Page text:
Among children in the third year of life, late talkers comprise from 9% to 20%. This range seems to increase when addressing preterm children. This study examined video-recorded child spontaneous speech during parent-child book sharing as well as linguistic skills reported through the MacArthur Bates Communicative Development Inventories (MB-CDI) Short Form in 61 late talkers aged 30 months old (26 low-risk preterm, 8 females; 35 full-term, 12 females). Differences between low-risk preterm and full-term late talkers in child language measures and parental speech input were tested, as were the roles of child and parent factors on child language. Low-risk preterm and full-term late talkers showed similar speech and language skills. Similarly, no differences were found in measures of parental speech between groups. Child cognitive score, chronological age, and low-risk preterm status were positively associated with lexical diversity, rate, and composition of child speech production, whereas family history for language and/or learning disorders as well as parent measures of lexical diversity, rate, and grammatical complexity were negatively associated with the above child variables. In addition, child cognitive score and low-risk preterm status were positively associated with the MB-CDI measures of word and sentence production. Findings are discussed in terms of the need of good practices when following up on low-risk preterm children and of interventions targeting parents input to preterm and full-term late talkers.

Speech and language skills of low-risk preterm and full-term late talkers: The role of child factors and parent input

Suttora C.;Guarini A.;Zuccarini M.;Aceti A.;Corvaglia L.;Sansavini A.
2020

Abstract

Among children in the third year of life, late talkers comprise from 9% to 20%. This range seems to increase when addressing preterm children. This study examined video-recorded child spontaneous speech during parent-child book sharing as well as linguistic skills reported through the MacArthur Bates Communicative Development Inventories (MB-CDI) Short Form in 61 late talkers aged 30 months old (26 low-risk preterm, 8 females; 35 full-term, 12 females). Differences between low-risk preterm and full-term late talkers in child language measures and parental speech input were tested, as were the roles of child and parent factors on child language. Low-risk preterm and full-term late talkers showed similar speech and language skills. Similarly, no differences were found in measures of parental speech between groups. Child cognitive score, chronological age, and low-risk preterm status were positively associated with lexical diversity, rate, and composition of child speech production, whereas family history for language and/or learning disorders as well as parent measures of lexical diversity, rate, and grammatical complexity were negatively associated with the above child variables. In addition, child cognitive score and low-risk preterm status were positively associated with the MB-CDI measures of word and sentence production. Findings are discussed in terms of the need of good practices when following up on low-risk preterm children and of interventions targeting parents input to preterm and full-term late talkers.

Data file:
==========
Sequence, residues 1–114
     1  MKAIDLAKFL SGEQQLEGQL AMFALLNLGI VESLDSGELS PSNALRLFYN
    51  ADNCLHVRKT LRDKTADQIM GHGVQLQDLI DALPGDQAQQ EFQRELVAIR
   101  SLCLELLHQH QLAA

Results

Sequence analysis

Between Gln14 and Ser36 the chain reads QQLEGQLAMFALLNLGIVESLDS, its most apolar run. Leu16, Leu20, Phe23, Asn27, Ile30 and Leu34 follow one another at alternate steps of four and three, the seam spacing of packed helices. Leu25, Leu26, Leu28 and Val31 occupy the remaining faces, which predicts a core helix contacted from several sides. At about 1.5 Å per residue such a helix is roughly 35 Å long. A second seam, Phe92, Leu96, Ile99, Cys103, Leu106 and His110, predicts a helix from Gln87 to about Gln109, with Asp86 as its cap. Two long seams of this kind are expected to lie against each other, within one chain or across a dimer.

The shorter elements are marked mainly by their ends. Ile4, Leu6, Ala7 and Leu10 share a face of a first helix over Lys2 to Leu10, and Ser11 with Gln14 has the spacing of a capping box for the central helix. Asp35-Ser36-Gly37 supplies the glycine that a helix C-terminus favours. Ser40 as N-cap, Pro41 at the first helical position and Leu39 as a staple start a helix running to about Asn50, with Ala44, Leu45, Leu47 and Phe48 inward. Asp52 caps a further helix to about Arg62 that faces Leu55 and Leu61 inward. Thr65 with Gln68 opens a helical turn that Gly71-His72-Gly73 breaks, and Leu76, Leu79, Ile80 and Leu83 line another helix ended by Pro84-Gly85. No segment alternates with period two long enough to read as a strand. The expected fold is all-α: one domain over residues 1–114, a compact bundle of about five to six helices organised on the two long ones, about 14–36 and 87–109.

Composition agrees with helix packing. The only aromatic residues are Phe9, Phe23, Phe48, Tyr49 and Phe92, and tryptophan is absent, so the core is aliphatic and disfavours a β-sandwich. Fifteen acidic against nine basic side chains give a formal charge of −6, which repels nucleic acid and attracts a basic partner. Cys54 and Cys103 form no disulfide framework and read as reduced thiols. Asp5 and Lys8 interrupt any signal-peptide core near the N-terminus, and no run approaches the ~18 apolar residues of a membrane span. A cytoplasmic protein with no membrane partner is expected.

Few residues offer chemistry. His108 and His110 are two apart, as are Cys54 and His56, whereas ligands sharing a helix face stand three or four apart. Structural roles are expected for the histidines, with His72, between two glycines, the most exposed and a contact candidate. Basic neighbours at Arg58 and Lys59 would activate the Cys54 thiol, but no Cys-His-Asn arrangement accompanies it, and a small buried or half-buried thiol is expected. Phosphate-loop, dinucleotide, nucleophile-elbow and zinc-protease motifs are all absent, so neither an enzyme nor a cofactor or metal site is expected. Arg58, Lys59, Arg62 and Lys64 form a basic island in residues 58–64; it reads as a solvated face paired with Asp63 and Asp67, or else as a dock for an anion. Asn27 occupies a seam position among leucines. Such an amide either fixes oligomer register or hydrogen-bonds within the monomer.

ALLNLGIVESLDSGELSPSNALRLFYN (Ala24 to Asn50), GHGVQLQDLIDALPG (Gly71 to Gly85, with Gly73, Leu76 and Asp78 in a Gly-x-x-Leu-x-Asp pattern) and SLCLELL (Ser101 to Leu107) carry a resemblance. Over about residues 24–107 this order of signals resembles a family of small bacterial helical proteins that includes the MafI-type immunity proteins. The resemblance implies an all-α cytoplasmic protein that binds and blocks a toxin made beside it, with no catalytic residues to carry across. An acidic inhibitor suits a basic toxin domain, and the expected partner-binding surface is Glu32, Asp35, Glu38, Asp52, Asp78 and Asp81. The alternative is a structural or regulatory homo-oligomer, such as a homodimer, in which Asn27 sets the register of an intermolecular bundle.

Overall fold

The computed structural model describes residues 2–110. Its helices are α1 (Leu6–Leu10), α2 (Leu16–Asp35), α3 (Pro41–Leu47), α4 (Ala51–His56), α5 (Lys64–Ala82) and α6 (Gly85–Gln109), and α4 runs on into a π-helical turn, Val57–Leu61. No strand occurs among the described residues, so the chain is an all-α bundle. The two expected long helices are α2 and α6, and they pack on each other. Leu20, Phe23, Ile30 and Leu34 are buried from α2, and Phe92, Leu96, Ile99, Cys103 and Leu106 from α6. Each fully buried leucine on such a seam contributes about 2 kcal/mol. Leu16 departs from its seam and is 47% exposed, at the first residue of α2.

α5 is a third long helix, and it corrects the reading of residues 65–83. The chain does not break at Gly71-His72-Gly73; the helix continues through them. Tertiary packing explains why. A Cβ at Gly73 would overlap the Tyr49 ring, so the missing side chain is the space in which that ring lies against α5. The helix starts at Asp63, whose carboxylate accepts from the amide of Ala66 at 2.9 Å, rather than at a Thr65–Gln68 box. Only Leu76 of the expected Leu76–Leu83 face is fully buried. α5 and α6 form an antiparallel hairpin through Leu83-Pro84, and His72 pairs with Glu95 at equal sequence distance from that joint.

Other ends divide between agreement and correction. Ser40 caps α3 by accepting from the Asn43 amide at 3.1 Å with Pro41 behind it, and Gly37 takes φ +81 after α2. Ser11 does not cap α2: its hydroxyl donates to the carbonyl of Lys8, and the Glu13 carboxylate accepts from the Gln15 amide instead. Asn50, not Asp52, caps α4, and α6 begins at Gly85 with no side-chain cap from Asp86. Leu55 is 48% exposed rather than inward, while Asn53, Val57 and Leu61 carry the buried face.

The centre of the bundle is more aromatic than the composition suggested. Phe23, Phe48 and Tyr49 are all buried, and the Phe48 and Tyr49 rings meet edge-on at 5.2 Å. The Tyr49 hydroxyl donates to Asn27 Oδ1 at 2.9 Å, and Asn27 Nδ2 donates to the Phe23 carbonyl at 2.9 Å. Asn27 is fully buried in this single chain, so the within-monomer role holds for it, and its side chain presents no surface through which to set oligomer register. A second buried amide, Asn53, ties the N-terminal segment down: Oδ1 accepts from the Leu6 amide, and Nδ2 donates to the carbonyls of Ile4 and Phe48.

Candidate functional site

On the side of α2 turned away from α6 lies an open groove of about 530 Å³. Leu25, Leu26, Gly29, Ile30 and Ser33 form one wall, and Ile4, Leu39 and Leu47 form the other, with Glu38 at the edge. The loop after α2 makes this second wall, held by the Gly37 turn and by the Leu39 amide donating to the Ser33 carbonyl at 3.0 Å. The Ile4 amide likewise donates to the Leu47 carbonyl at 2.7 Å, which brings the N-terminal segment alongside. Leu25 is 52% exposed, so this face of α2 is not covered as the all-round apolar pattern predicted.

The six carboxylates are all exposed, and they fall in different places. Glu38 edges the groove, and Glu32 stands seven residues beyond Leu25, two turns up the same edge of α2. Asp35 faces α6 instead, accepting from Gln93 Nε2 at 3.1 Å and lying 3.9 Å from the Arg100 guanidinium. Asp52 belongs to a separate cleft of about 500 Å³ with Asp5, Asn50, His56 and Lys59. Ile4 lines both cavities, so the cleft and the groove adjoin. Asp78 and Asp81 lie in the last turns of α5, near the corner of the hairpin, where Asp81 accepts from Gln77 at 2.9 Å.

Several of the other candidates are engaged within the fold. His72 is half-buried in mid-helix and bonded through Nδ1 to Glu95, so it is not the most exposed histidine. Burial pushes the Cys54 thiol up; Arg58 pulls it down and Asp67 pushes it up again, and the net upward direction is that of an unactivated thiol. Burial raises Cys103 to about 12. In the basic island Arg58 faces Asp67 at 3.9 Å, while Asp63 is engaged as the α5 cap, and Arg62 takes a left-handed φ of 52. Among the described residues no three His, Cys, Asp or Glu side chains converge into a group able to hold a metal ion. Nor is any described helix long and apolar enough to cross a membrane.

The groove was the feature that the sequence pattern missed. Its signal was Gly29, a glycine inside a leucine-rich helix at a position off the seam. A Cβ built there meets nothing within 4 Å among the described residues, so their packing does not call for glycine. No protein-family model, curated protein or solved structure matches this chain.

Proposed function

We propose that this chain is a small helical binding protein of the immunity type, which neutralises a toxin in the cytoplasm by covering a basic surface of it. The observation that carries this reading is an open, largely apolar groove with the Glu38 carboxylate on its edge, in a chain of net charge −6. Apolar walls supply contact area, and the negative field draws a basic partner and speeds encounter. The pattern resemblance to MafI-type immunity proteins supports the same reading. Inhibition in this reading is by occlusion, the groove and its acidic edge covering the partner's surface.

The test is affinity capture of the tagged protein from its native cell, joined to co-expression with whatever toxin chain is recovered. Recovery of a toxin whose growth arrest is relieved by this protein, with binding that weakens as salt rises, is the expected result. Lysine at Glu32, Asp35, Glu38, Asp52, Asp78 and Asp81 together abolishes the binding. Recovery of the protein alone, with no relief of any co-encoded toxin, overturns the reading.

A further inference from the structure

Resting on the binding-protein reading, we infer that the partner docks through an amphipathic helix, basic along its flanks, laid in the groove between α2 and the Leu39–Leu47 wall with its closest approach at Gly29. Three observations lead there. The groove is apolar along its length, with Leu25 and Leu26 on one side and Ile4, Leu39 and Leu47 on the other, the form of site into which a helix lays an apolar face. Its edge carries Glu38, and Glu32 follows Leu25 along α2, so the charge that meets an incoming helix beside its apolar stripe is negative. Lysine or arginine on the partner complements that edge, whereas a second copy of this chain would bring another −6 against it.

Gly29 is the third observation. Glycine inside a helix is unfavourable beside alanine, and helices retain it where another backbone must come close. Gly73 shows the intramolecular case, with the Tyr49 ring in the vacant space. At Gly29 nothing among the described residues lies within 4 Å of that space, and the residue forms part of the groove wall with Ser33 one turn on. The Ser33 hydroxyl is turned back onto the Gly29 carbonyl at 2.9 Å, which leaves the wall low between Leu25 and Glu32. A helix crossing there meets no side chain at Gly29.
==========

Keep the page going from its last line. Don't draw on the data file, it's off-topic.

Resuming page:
Suttora C.; Guarini A.; Zuccarini M.; Aceti A.; Corvaglia L.; Sansavini A.
File in questo prodotto:
File Dimensione Formato  
ijerph-17-07684.pdf

accesso aperto

Tipo: Versione (PDF) editoriale
Licenza: Licenza per Accesso Aperto. Creative Commons Attribuzione (CCBY)
Dimensione 378.13 kB
Formato Adobe PDF
378.13 kB Adobe PDF Visualizza/Apri

I documenti in IRIS sono protetti da copyright e tutti i diritti sono riservati, salvo diversa indicazione.

Utilizza questo identificativo per citare o creare un link a questo documento: http://hdl.handle.net/11585/787672
Citazioni
  • ???jsp.display-item.citation.pmc??? 8
  • Scopus 9
  • ???jsp.display-item.citation.isi??? 9
social impact